When a grocery store in Süderlügum, Germany offered $276 in free groceries to anyone willing to shop naked, they expected maybe 10 brave souls. They got more like 250, including folks from nearby Denmark who cross the border to shop for cheaper alcohol. This video is, I hardly need to tell you, not really safe for work -- although there's nothing all that titillating about it.
Technology has helped bring about a retail shift that now means I can buy my consumer goods without ever leaving my house, my husband's shaving gear without ever thinking about it and now, thanks to True&Co, my bras without ever having a lady in a department store wrap a tape measure around my chest. I love the Internet.
Schmidt Hammer Lassen Architects designed the hedquarters for one of Denmark’s leading mortgage banks, Nykredit. The ten-storey glass structure amply endows the office spaces with natural light from the harbour, thus linking the floors together. The CEO’s office is situated on the 9th floor and contains a clothing cabinet with a hidden escape hatch, built on his request.
A designer, Max Lamb, decided to return to his favourite beach on the south coast of Cornwall, UK, to make stools utilizing a primitive form of sand-casting. A childhood spent building sandcastles inspired Lamb to design stools by pouring molten pewter into a sand mould and hand sculpt it into the beach.
Il Vulcano Buono, built in Nola - province of Naples, southern Italy.
Infographic by Vertic.
A Model of Stephenson’s Steam Engine, made in 2008, by glassblower Michal Zahradník. Description:
The crankshaft is glass. The piston is glass. The counterweight that makes the wheel spin evenly is glass. Everything is made out of glass, and no sealants are used. All is accomplished by a perfectly snug fit. The gap between the piston and its compartment is so small, that the water that condensates from the steam seals it shut! Notice the elaborate excessive steam exhaust system next to the piston. The piston is the most arduous part to make due to extreme level of precision needed. Its parts have to be so accurate that no machinery is of use here. The piston and its cylinder must be hand sanded to perfection, and they are very likely to crack in the process. On average, three out of four crack.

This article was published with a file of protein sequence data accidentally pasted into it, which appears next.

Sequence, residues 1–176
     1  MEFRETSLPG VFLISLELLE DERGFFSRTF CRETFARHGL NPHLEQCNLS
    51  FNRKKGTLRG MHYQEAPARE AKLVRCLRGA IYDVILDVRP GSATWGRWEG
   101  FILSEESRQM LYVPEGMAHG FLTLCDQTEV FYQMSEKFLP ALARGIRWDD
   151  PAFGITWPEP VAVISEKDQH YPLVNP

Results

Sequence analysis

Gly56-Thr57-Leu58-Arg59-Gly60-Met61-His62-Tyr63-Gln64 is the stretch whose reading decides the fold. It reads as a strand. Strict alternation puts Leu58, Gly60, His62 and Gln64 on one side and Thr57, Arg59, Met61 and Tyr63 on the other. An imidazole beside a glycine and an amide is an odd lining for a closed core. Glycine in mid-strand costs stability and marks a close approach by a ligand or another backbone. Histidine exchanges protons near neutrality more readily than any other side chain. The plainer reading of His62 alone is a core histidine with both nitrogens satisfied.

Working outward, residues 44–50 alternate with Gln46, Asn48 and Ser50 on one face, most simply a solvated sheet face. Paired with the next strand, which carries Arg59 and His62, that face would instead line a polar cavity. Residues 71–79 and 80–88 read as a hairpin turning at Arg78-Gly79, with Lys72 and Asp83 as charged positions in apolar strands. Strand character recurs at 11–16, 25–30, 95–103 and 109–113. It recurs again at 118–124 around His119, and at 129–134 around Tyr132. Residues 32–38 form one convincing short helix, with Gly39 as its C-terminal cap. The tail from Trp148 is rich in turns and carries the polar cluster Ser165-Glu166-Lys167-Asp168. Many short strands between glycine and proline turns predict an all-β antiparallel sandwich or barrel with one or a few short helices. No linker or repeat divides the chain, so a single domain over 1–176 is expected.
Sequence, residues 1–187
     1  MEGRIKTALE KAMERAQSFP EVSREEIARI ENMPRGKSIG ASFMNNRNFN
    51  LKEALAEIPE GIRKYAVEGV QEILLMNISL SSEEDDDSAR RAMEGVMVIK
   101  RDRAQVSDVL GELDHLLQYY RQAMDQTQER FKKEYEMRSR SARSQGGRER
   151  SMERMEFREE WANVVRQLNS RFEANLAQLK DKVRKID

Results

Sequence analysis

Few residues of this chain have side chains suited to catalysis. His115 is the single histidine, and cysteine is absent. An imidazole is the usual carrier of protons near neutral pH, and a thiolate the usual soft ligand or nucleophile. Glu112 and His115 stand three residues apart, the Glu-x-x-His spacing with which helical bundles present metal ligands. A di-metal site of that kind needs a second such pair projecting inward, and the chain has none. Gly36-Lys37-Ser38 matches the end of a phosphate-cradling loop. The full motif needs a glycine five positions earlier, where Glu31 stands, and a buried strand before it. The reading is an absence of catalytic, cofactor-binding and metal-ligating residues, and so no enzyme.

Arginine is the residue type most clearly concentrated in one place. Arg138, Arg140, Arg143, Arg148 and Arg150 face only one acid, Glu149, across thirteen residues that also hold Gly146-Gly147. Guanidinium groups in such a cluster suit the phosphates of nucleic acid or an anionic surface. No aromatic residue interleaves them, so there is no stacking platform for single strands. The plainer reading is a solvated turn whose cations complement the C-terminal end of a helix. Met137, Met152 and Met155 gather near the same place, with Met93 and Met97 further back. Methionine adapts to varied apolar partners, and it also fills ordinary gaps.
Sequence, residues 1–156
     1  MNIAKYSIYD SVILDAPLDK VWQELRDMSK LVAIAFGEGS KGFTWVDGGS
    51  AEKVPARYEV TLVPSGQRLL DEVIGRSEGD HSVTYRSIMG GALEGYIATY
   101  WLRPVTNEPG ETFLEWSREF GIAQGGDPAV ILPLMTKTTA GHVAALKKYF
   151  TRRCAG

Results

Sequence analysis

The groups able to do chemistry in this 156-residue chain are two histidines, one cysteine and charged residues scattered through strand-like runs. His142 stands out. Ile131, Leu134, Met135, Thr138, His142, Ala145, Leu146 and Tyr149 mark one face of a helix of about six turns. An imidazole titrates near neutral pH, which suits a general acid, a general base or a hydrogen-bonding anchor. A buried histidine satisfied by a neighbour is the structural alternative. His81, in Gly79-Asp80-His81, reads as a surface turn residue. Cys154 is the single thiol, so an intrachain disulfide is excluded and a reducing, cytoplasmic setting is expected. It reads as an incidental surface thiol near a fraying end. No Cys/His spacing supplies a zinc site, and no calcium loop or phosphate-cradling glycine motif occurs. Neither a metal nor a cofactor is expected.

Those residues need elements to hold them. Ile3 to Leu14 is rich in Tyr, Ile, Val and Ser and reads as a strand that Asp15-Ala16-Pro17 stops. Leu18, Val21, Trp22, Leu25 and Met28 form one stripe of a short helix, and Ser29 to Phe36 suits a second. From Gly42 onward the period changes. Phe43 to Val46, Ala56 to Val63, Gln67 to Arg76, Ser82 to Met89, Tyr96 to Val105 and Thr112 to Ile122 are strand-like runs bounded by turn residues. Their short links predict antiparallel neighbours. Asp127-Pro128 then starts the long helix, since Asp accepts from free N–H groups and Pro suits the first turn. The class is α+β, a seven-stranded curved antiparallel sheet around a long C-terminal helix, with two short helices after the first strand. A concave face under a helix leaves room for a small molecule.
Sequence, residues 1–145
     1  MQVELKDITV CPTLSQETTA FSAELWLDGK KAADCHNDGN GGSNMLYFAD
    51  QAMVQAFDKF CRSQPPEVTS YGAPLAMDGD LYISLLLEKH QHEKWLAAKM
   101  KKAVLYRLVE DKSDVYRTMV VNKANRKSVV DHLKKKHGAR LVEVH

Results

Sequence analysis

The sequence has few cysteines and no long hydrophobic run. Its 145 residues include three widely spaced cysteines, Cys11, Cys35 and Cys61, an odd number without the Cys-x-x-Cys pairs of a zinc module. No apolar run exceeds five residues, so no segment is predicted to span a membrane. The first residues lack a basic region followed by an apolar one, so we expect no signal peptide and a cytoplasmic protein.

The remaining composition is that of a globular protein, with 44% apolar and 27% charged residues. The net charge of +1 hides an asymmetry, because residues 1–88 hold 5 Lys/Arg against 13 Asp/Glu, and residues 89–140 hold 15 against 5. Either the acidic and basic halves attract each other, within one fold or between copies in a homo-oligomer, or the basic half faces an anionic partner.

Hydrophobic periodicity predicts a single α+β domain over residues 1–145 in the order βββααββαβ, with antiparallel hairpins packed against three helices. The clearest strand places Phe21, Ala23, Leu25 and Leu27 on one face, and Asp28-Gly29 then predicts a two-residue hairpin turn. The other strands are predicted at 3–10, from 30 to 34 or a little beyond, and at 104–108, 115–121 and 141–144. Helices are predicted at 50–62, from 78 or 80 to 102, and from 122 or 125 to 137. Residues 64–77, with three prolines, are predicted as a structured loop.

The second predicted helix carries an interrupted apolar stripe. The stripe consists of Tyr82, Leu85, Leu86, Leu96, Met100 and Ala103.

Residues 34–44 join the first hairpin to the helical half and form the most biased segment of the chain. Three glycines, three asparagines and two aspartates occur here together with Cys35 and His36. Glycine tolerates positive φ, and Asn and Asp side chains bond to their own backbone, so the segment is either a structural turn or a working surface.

Everything is a Remix Part 1.
Message From The Creator:
Remixing is a folk art but the techniques are the same ones used at any level of creation: copy, transform, and combine. You could even say that everything is a remix.
Source: Everything Is A Remix.
Economic Researchers, Jeremy Edwards And Sheilagh Oglivie (University of Cambridge) just published a new paper covering What Lessons for Development We Can We Draw from the Champagne Fairs. A delightful and quite readable paper, according to Tyler Cowen. Here is the abstract:
«The medieval Champagne fairs are widely used to draw lessons about the institutional basis for long-distance impersonal exchange. This paper re-examines the causes of the outstanding success of the Champagne fairs in mediating international trade, the timing and causes of the fairs’ decline, and the institutions for securing property rights and enforcing contracts at the fairs. It finds that contract enforcement at the fairs did not take the form of private-order or corporative mechanisms, but was provided by public institutions. More generally, the success and decline of the Champagne fairs depended crucially on the policies adopted by the public authorities.»
Download The Paper Here.
Watch the video on National Geographic’s site here or click on the image.
About the clip [via NG]:
«Alex Honnold makes the first free solos of the largest walls in North America. He scales 2,000 feet with only shoes and chalk bag—no rope, no safety, and no room for error. Though he’s a superhero on the walls, off the rock Alex is a shy, self-effacing young guy living in his van.»